Spending gives hope lull may be ending
WASHINGTON – Shoppers spent more freely in July, raising hopes that June’s economic lull could be coming to an end.
The Commerce Department reported Monday that consumers, key shapers of U.S. economic activity, boosted spending by 0.8 percent in July from the previous month. Their appetite to spend was led by a rebound in demand for big-ticket goods, such as cars, helped by buyers’ incentives.
The latest snapshot of buyer behavior marked an improvement from June, when consumers cut spending by 0.2 percent. High energy prices and a sluggish job market weighed on consumers’ willingness to spend, part of what Federal Reserve Chairman Alan Greenspan described as a “soft patch” in the economy.
Incentives on cars and discounting of other goods helped to bring buyers back in July. “Consumers know a deal when they see one and know when to wait for one to show up,” said Joel Naroff, president of Naroff Economic Advisors.
The 0.8 percent rise was slightly better than the 0.7 percent increase some economists had expected.
Americans’ incomes, the fuel for future growth, nudged up 0.1 percent in July, following a 0.2 percent rise in the previous month. July’s income growth fell short of some analysts’ calls for a 0.5 percent gain. The 0.1 percent rise matched an increase for November 2002 and was the smallest advance since income growth was flat in August 2002.
Income growth was held back by a decline in government payments – mainly a reduction in the federal matching rate for Medicaid reimbursements, which had been boosted by last year’s tax cuts. Wages and salaries, unchanged in June, rose by 0.4 percent in July.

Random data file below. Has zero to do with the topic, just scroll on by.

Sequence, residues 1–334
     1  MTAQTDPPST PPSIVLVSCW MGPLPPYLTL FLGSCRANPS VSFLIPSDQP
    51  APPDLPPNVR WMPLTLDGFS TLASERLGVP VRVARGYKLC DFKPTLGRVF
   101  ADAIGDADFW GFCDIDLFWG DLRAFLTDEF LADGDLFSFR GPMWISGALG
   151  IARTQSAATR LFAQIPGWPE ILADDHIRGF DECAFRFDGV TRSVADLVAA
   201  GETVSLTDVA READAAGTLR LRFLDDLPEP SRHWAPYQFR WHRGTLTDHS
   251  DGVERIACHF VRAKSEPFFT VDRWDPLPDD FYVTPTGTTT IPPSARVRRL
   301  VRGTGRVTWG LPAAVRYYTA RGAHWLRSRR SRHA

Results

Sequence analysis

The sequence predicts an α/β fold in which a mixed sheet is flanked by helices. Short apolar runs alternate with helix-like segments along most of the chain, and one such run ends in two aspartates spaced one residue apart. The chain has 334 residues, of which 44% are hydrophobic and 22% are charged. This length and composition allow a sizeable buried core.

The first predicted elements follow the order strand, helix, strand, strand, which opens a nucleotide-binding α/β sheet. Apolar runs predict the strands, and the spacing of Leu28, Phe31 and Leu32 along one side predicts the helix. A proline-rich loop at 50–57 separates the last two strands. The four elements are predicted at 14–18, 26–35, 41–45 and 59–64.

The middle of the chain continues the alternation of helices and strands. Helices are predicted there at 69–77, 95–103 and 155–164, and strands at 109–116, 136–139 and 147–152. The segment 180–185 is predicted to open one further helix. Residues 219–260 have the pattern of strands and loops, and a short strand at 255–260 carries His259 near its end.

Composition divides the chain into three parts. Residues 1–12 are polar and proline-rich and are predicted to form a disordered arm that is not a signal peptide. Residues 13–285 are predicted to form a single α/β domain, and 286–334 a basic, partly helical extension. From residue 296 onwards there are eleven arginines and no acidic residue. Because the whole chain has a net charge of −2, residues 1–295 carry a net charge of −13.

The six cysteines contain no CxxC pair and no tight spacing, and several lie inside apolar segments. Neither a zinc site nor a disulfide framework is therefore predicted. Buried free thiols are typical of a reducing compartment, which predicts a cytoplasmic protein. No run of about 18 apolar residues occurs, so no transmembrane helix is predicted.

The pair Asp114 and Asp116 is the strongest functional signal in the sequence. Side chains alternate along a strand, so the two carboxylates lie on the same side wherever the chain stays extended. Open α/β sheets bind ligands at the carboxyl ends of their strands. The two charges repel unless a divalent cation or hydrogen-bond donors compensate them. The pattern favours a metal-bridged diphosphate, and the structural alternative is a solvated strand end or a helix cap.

The spending and income figures are not adjusted for price changes.
On Wall Street, the report failed to buoy investors. The Dow Jones industrials lost 72.49 points to close at 10,122.52.
President Bush and his Democratic opponent, John Kerry, have sparred frequently over the economy’s health and the availability of jobs, both spotlighted issues in the presidential campaign.
“George Bush’s economic policies have hurt the middle class while creating record deficits,” the Kerry campaign said in a statement.
The economy grew at a 2.8 percent annual rate in the April-to-June quarter of this year as high energy prices took a toll on economic activity.
That was more sluggish than first thought, marked a slowdown from the 4.5 percent growth rate in the prior quarter, and provided fresh evidence that the economy had a rough go in the early spring and late summer.
Economists believe, however, that the economy is picking up its pace in the July-to-September quarter, with estimates for growth ranging from a rate of around 3 percent to just topping a 4 percent pace.
The Federal Reserve boosted short-term interest rates for a second time this year on Aug. 10 in an effort to ensure that inflation does not become a problem for the economy.